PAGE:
Robot Masquerade, October 3

On Saturday, October 3, the Robot Masquerade was held at  Brooklyn Fireproof (119 Ingraham Street). Run by the Addtract Consortium, a production company, it hosted four bands in addition to jam sessions between sets. It was in a huge space on a desolate Bushwick block.  Giant abstract paintings hung on the walls.  There were about 10-15 people there when I arrived (early), but quickly filled up to about 150-200.  Several were dressed as robots, wearing silver boxes over their heads and robotic outfits.

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September 18 at Bushwick Music Studios!

About 15 twenty-something hipsters stood outside, their colorful flannel shirts contrasting the dim grey of the desolate Bushwick block, when I arrived at Bushwick Music Studios Friday night.  The boys were dressed in plaid shirts, tight pants and sneakers, sporting beards and handlebar mustaches. The girls mainly wore short skirts, leggings, and flats. Everyone talked loudly in clusters. An indie-rock band was playing inside.

As I chatted with the musicians who live at/run the studio, a steady stream of similarly dressed guests came to the door, begrudgingly doling out the $5 entrance fee and immediately purchasing a $2 can of PBR, the local beer of choice.

Gunfight!

Gunfight!

By the time the second band, Gunfight!, came on stage, the studio was packed. Probably close to 100 people filled the room.  The singer, Drew Mintz, had large curly brown hair, wrapped in an American flag bandana that matched his red, black and white plaid shirt.  The drummer began with a lively beat and the singer howled in a blend of country and punk. The packed crowd danced and cheered for about an hour and a half, the band maintaining their wild energy through the entire set.

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Members of Kittens Ablaze in front of a captive audience

Kittens Ablaze was another crowd pleaser.  Tim Spellman was the drummer, tall and blond and dressed in plaid, and also the singer. Michelle Young, wearing a t-shirt, leggings, and high heels played the cello furiously. The strings gave the band a unique, orchestral sound.  The songs were incredibly catchy and displayed a diversity of musical ability, from the chorus-filled “This Machine is Dying” to the melodic “Rabbit is a Live Wire.”

The party continued long into the night.  A nearby venue had recently closed, and the bands set to play there came to Bushwick Music Studios instead, doubling the original lineup.  Musicians came and left, lugging their heavy equipment on and off the stage.  The crowd mingled loudly while drinking their PBR. The friendly BMS crew manned the door the entire night, checking people in while keeping an eye on the situation.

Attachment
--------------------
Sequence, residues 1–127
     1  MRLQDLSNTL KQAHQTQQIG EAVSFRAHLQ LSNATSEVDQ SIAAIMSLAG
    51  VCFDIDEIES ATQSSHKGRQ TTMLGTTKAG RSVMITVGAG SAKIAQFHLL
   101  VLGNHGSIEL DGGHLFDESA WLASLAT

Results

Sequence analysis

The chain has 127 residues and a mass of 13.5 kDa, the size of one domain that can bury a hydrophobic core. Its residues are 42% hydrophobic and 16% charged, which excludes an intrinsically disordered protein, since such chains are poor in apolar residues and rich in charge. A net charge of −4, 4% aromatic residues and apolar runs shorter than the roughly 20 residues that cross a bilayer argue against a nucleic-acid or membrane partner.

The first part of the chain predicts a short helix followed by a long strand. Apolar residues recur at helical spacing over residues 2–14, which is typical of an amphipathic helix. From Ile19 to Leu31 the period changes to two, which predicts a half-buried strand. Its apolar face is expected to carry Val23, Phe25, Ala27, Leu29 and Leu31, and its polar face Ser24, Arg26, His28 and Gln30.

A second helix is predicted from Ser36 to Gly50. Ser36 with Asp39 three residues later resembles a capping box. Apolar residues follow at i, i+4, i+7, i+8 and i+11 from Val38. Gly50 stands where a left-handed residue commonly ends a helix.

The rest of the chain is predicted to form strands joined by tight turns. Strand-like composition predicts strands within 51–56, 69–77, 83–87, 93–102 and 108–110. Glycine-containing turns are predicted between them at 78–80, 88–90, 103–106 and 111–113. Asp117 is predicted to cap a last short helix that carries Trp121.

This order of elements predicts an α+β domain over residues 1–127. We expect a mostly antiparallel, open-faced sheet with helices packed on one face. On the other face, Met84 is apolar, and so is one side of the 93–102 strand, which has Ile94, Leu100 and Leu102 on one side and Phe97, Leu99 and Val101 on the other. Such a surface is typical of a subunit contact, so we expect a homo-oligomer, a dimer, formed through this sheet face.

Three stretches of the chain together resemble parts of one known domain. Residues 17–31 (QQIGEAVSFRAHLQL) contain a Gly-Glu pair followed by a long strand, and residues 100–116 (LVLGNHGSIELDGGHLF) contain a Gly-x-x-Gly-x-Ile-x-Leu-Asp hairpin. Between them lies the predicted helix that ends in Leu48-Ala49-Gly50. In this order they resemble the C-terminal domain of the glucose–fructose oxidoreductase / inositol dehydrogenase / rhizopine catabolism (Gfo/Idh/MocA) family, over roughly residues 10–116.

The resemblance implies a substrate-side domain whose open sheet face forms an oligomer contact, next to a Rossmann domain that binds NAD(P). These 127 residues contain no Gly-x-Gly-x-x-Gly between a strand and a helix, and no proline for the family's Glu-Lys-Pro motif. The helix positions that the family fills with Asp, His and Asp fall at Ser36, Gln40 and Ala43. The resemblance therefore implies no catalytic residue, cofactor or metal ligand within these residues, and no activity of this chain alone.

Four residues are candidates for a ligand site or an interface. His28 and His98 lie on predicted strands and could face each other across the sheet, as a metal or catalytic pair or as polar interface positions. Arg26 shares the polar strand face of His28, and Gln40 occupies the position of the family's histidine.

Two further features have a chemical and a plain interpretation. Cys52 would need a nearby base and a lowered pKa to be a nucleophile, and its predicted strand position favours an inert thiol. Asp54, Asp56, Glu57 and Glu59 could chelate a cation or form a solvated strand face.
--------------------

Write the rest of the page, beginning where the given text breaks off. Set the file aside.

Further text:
It wasn’t all roses and PBR’s that night.  Police circled the block endlessly, their intentions unclear.  Eventually they confronted some people for open alcohol.  And the neighborhood isn’t always the safest, so people have to stay alert.

SUSU

SUSU

Despite its neighborhood challenges, Bushwick Music Studios has quickly become an integral part of the local music community.  Although they only opened this past winter, they’ve become an immensely popular venue – probably about 150 people showed up Friday. As an alternative to profit-making music clubs throughout NYC, BMS offers young aspiring bands the opportunity to perform regularly, and boasts a state-of-the art recording studio. They host shows weekly, and try to be musically diverse, hosting DJ/reggae nights in addition to the ever-popular indie rock shows.

Next week’s Bushwick show review – the Last Supper Festival!

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Music of Bushwick – Introduction

Welcome to my new blog. My goal is to focus on the up-and-coming music scene of Bushwick, Brooklyn. Ideally, it will be updated weekly and include interviews, photos, videos, and sound files.  I will try to cover various music genres and may occasionally include other types of art as well.

The first show will be at Bushwick Music Studios on Friday, September 18.

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